“Naira devaluation is creating more millionaire-exporters than ever before. We now have more naira after exchanging our dollar earnings,” he said.

Akindele said that although value from dollar inflows have risen, but exporters are not immune to rising cost of production, especially energy prices which not be passed to foreign buyers because of the controlled global pricing mechanism.

Also benefiting from the devaluation are multinational oil companies and their expatriate workers, whose salaries are in dollars. People who receive forex through Western Union and MoneyGram are also to benefiting from the naira woes and Nigerians in the Diaspora who send dollar remittances home are benefiting from the naira slide. Already, dollar remittances from Nigerians living abroad rose from $21 billion in 2015 to $35 billion this year following depreciated naira value but many of the funds came in through unofficial means.

 Currency devaluations in other countries

Many other countries have in recent years, devalued their currencies to enable them wriggle out of harsh economic realities. Russia, Egypt, South Africa, Uganda, Brazil and Kenya have all devalued their currencies. But while the exercise has been rewarding to some economies, it has failed woefully in others. Chief Economist at RenCap, Charles Robertson urged Nigeria to emulate the strategy adopted by Egypt in devaluing its Pound Sterling. He said that Russia devalued its Ruble in 2014; Argentina devalued Peso in 2015. There have also been currency depreciations in South Africa and Brazil while Egypt devalued its Pounds Sterling.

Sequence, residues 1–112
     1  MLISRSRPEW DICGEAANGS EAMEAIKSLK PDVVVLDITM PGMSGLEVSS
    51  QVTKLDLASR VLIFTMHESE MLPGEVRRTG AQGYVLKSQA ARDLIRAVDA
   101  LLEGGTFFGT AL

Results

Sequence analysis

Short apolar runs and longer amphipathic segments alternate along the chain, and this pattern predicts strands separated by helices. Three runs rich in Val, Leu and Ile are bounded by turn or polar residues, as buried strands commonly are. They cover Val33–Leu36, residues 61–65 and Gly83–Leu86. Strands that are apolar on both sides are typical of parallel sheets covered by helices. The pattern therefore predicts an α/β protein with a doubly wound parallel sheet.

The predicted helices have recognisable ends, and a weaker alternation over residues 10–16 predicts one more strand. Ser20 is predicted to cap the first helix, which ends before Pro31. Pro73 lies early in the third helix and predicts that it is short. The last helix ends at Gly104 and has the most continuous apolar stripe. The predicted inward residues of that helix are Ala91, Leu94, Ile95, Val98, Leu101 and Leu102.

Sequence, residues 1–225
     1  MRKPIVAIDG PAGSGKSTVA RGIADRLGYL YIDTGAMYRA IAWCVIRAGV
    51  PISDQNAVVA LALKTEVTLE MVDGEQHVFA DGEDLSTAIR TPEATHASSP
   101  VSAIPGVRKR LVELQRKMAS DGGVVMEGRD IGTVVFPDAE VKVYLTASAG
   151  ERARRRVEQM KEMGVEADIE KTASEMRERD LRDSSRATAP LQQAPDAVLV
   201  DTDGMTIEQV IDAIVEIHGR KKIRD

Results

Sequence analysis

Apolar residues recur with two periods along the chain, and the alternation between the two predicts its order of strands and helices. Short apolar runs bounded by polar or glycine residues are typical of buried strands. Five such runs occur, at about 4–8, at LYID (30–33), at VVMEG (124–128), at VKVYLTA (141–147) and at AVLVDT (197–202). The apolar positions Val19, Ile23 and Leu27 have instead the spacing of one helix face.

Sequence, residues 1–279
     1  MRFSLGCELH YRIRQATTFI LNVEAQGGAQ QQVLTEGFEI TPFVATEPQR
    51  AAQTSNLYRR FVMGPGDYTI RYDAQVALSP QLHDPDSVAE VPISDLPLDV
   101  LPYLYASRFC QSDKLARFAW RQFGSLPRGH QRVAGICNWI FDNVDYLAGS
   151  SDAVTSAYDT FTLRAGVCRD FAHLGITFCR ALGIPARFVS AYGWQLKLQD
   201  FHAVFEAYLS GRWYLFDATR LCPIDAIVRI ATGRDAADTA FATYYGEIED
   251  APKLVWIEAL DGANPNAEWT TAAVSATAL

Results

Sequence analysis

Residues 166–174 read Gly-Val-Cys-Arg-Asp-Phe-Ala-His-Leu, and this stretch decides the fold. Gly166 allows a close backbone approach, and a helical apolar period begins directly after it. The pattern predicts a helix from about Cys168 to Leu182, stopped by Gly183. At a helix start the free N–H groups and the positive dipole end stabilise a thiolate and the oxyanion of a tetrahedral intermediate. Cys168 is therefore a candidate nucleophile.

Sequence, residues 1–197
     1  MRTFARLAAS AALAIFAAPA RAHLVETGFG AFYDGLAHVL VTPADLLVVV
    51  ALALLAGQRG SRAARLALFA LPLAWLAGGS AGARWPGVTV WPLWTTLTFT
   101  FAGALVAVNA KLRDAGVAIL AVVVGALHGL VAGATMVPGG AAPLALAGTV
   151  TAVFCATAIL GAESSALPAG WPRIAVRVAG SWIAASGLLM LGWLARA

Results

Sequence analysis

“In an ideal world, Nigeria will let its currency float too in 2017 – but that is not a story for today.  No investor will put money into Nigeria, unless it copies the currency reform story that Egypt and Russia have both done. South Africa raised a few questions because the South African Rand (ZAR) rally this year helped its market so much.  A reasonably decent value ZAR remains the positive for the country as we head into 2017 but the sovereign downgrade is one of the negatives,” Robertson said. He said although ZAR remains attractive, but the country’s GDP, rating, credit growth are not interesting.